This question is slightly related to this one Do all massive bodies emit Hawking radiation?, which I think was poorly posed and so didn't get very useful answers. There are several questions in this post so I hope people who answer will follow the question marks and give their opinion on each one.
Let's look at flat spacetime first. Inertial observers detect no particles in empty space. Non-inertial observers do detect particles because there is a non-trivial Bogolyubov transformation that mixes positive and negative frequency modes of the matter field. And finally, if the non-inertial observers see a horizon as in the Unruh case, the spectrum of detected particles is precisely thermal.
Now look at a black hole spacetime. Free falling observers will not detect any particles but distant/stationary observers will detect a flux of radiation from the black hole outward to infinity. Q1: Why is there a flux in this case and none in the Unruh case? Shouldn't the two situations be nearly identical for the case of a very large black hole or very near to the horizon? How would you physically distinguish between the two anyway? (Maybe this is equivalent to asking why the black hole should lose mass and evaporate)
Q2: Is it natural to expect that an observer who is not in free fall but is not stationary either (and is on some weird trajectory) will detect particles but that they will not be in a thermal state?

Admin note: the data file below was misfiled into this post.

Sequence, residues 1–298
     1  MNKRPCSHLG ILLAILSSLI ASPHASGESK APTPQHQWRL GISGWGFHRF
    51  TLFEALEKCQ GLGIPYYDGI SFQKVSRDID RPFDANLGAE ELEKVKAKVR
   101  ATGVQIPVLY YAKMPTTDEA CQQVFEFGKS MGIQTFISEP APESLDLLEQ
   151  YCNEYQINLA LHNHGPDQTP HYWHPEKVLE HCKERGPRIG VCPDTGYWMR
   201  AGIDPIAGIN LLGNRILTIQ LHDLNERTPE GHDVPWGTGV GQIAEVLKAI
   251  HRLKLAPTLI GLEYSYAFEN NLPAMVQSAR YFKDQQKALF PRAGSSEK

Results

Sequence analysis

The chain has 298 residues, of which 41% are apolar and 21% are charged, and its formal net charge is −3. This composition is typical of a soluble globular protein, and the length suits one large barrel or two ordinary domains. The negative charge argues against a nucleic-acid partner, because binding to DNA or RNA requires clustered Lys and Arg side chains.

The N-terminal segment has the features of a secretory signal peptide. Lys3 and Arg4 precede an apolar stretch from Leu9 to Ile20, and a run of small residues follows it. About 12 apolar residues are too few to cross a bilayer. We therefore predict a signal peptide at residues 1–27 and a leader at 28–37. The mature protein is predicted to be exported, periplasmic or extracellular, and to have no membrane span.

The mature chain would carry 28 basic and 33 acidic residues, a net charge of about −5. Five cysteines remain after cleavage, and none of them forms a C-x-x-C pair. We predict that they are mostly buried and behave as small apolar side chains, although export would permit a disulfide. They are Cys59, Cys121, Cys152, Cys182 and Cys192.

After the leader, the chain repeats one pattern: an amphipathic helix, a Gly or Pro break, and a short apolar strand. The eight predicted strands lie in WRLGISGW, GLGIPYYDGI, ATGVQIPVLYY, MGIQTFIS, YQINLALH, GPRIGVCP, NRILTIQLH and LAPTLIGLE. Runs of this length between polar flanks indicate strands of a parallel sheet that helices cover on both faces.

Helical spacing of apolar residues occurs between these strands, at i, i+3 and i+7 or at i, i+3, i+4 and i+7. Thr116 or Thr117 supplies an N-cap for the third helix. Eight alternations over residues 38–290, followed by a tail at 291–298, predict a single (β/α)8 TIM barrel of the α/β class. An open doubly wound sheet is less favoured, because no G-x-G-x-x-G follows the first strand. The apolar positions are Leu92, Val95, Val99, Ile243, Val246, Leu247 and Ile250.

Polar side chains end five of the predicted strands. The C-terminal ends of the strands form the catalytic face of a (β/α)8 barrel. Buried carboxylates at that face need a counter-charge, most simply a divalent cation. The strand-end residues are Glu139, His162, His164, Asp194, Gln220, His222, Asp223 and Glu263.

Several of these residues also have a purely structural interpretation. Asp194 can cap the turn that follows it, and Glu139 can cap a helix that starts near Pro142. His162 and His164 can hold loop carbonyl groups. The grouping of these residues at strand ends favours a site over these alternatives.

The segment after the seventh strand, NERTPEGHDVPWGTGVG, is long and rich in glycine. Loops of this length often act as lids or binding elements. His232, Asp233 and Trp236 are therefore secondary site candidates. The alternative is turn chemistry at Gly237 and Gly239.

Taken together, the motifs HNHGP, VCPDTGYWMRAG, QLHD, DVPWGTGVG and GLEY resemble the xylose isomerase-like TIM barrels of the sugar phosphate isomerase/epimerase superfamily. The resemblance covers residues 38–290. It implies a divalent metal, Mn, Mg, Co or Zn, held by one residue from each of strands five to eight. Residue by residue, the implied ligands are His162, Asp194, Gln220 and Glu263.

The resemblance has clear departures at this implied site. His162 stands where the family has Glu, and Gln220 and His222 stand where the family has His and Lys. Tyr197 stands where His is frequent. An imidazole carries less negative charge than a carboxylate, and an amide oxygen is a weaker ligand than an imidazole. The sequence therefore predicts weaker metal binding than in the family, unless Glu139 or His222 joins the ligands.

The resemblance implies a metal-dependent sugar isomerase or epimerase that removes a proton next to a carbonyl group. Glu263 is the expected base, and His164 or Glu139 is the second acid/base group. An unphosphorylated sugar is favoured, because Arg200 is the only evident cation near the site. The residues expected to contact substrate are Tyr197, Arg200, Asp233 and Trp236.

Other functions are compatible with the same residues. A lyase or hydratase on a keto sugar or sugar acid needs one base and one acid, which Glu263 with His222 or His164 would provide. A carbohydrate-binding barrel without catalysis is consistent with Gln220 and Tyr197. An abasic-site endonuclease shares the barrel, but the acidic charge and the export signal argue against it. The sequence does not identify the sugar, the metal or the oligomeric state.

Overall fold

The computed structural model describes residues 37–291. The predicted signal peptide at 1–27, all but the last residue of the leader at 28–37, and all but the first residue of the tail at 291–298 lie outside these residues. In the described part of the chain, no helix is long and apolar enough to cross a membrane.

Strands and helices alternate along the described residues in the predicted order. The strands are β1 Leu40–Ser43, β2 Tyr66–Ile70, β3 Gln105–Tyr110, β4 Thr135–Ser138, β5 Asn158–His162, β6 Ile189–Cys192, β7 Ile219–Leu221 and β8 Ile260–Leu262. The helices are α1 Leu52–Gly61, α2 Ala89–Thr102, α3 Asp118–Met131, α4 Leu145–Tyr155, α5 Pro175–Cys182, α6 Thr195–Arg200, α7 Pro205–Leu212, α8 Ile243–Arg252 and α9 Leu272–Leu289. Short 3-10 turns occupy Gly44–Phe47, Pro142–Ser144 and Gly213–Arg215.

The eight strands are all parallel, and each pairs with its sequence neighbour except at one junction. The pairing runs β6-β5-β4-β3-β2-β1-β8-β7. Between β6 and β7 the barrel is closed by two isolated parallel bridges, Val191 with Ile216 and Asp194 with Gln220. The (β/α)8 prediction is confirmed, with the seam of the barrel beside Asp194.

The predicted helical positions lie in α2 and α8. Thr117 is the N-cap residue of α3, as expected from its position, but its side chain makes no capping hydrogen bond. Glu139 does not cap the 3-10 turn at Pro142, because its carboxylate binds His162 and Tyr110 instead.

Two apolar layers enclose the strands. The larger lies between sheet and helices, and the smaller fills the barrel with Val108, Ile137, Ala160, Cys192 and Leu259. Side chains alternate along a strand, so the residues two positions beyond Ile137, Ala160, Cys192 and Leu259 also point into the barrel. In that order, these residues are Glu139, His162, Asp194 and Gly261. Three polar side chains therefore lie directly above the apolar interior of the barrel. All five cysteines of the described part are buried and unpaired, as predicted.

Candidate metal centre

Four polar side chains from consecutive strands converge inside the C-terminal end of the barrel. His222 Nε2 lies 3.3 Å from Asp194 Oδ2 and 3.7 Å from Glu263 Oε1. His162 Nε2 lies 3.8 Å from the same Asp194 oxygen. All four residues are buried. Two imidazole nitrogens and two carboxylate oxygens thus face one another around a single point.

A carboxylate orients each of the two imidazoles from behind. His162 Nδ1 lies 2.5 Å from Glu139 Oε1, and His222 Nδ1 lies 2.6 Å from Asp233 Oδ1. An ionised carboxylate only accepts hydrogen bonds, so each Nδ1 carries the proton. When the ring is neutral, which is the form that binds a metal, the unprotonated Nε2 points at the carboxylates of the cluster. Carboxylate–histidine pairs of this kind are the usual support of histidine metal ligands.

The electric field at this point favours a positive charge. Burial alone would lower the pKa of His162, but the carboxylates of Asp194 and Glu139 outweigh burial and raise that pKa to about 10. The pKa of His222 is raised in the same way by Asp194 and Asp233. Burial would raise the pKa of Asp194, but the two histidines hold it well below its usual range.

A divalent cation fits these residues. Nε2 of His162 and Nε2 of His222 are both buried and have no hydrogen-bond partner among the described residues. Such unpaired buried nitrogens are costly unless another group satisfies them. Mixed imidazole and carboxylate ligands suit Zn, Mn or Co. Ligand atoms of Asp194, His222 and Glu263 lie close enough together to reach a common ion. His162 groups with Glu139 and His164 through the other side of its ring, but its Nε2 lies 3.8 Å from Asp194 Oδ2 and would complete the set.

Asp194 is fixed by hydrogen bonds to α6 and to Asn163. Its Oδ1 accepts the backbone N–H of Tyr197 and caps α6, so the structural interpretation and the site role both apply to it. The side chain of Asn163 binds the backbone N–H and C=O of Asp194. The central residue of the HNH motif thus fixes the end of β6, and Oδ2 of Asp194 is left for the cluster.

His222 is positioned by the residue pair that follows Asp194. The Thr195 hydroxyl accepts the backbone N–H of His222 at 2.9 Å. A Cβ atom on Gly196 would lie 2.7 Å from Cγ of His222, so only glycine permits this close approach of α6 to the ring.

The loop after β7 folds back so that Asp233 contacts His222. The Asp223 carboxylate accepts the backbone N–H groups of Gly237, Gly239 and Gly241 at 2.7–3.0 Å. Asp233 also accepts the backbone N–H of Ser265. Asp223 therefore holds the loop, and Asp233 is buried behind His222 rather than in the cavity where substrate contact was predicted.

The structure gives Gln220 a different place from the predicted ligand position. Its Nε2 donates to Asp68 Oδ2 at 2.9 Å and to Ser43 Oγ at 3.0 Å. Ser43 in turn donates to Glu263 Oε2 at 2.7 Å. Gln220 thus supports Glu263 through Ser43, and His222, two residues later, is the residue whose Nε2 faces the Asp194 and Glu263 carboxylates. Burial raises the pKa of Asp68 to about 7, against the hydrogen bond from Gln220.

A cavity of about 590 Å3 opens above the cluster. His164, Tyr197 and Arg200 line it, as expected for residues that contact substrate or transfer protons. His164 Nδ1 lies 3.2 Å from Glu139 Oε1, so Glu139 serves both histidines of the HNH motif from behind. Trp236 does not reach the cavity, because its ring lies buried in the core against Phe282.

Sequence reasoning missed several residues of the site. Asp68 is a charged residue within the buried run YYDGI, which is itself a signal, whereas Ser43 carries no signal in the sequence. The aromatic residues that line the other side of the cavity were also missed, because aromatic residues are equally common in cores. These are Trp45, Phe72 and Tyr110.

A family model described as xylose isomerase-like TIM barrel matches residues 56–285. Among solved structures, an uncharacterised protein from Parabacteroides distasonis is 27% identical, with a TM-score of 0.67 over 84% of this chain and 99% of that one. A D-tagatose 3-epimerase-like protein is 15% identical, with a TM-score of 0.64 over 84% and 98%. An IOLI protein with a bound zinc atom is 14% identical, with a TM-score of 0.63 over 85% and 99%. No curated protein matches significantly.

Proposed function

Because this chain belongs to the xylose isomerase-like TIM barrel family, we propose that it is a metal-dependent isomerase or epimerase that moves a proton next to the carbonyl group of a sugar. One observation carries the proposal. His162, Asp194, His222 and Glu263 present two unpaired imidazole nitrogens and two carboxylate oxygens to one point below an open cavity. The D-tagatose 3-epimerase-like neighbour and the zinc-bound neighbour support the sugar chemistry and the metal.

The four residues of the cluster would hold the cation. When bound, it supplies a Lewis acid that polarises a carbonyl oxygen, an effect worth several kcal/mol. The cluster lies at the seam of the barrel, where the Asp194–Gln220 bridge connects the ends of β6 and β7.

For massive compact objects without a horizon, free fallers should see no particles but other non-inertial observers should detect particles because of the Bogolyubov transformation as in the Unruh case. This probably depends a lot on the answer to Q1 but Q3: suppose you bring such an object arbitrarily close to the point of forming a black hole with a horizon (by adding mass) -- what would a stationary observer see? Would radiation and evaporation be observed only once the horizon is formed?
Q4: In the Unruh case, the energy from the radiation is accounted for by the agency that accelerates the detector. In the black hole case, it is accounted for by the evaporation of the black hole. How is it accounted for in the case of a stationary detector outside a massive compact object without a horizon (which doesn't evaporate)?